Legislature pushes ahead on budget bills

 

Union members, religious groups and backers of a $15 an hour minimum wage rallied in the Capitol rotunda  Wednesday, calling for Gov. Mark Dayton to veto many of the bills headed for his desk as the legislative session winds down. Tim Nelson | MPR News
  1. Listen Matt Sepic reports: Lawmakers to take another crack at passing legislation

After hanging around the Capitol all night Tuesday and not getting much done, legislators made some progress Wednesday afternoon and then took the night off.

Both the House and Senate v0ted on a tax cut bill and an education funding measure, but they still have to resolve some differences before sending them to the governor.

Other bills, including funding measures for health and human services and state departments, still need to be passed, and lawmakers still hope to pass a public works construction bill.

And as the House and Senate struggled to pass bills Wednesday, some DFL-leaning groups tried to put pressure on Gov. Mark Dayton to start over to try to get a better deal.

It all came after the Republican-controlled House and Senate missed a self-imposed 7 a.m. Wednesday deadline to finish what had been intended to be a brief special session. Now that session will stretch into Thursday and possibly beyond.

The House passed a transportation funding bill Wednesday afternoon that relies on general fund revenue to fund road and bridge projects. The bill also would deny state money to pay for operations of future light rail transit projects, including the proposed Southwest line between Minneapolis and Eden Prairie.

Republicans called it the largest investment in roads and bridges in a decade, putting billions toward the state’s transportation needs over the next 10 years without raising the gas tax or license tab fees.

“This historic transportation deal is a victory for Minnesotans who have waited for years for legislators to come together to fund our roads and bridges,” said Rep. Paul Torkelson, R-Hanska, Chair of the House Transportation Finance Committee.

Democrats said it was a two year bill, because the next Legislature could just as easily pull back the general fund money in the bill to spend on other priorities.

As the House was debating transportation, the Senate passed a bill that cuts taxes by $650 million over the next two years, but because senators added language that allows bars to stay open until 4 a.m. during next year’s Super Bowl, it will have to go back to the House for final approval.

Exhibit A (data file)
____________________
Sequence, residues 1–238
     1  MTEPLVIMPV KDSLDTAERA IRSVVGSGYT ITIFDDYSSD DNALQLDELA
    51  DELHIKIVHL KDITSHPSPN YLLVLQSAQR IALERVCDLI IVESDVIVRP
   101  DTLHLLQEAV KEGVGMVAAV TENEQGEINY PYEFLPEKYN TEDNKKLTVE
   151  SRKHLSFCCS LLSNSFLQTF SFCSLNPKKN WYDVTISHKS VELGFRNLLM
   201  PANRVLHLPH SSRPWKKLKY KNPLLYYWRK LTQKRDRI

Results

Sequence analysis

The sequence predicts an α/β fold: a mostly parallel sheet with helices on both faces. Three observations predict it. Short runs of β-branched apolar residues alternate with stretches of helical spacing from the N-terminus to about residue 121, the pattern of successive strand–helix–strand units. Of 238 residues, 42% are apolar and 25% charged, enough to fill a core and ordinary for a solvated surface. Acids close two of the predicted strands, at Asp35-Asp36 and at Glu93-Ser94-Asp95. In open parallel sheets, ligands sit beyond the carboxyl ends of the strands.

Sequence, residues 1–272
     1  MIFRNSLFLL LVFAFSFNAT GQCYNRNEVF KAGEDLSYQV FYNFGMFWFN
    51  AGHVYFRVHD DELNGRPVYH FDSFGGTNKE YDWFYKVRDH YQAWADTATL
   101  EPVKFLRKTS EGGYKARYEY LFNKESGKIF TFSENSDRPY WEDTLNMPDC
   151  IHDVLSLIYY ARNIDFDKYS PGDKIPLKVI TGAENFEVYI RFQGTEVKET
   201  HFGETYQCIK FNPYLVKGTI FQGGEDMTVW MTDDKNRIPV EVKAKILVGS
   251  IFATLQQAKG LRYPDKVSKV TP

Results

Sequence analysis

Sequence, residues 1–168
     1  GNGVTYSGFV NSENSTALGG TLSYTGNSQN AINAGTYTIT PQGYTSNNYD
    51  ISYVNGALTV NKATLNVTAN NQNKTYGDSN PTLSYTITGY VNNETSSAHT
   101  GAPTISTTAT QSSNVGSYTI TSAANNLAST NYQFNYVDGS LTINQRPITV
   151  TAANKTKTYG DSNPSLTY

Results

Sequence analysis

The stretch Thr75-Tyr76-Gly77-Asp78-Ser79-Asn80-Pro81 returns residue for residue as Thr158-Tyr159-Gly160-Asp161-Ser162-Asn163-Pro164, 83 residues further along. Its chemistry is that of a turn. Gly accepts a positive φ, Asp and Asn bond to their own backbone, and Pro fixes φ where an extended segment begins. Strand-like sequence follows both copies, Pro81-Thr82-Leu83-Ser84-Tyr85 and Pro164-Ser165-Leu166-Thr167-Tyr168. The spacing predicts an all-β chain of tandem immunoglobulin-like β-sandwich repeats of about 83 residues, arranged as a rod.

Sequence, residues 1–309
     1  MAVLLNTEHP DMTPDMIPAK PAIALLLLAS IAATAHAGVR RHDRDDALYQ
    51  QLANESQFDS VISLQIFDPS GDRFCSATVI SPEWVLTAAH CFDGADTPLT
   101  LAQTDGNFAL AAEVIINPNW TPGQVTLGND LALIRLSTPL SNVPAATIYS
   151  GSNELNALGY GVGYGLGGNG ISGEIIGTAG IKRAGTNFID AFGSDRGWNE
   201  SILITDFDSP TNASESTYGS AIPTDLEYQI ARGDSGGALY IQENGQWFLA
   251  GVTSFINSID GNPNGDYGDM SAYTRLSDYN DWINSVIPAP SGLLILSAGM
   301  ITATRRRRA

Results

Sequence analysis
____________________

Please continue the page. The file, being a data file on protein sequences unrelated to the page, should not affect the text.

Among other provisions, the bill freezes a commercial property tax inflation clause now in state law. The change is due to cost $94 million in lost tax revenue the next two years and jump by $100 million more the following two.

The bill also includes tax cuts for Social Security recipients, college graduates paying off loans, farm land owners and others. the bill would also cut taxes on premium cigars and remove inflation-adjusted increases for cigarette taxes that were approved in 2013. There are also exemptions for a new professional soccer stadium in St. Paul and for Super Bowl events to be held next year in Minneapolis.

Meanwhile DFL-leaning groups have been trying to put pressure on Gov. Mark Dayton to reject some of the bills the Legislature is sending him.

In particular, they oppose a provision in the public safety budget bill that bars unauthorized immigrants from getting drivers’ licenses. They’ve been staging a sit-in at the governor’s office since Tuesday afternoon. State rules already prohibit those immigrants from getting licenses, but Republicans insisted the ban be put in law.

Several unions also staged a rally at the Capitol Wednesday afternoon with people waving “veto everything” signs, telling the governor to reject all the work done so far and go back to the drawing board. You could hear them chanting from inside the house chamber during the transportation bill debate.

State employee unions are upset that an extension of a paid leave benefit has been put in the preemption bill that Dayton has said he will reject.

  • Gary F

    Sounds like no one is really happy. That must mean its a good bill. Sign it and go home.

  • JQP

    the state needs to implement electronic review for legislative bills

    Printing to paper for review is a time-consuming delay and resource wasteful (paper, time-lag, equipment) –

    the revisors office could remain in place as the formal owner- distributor for approved language- but provide it to legislators as a PDF file with markup tools. that would alllow legislators to make notes and SCAN for words/terms.

    this could also mean that the very same text could be shared with the public.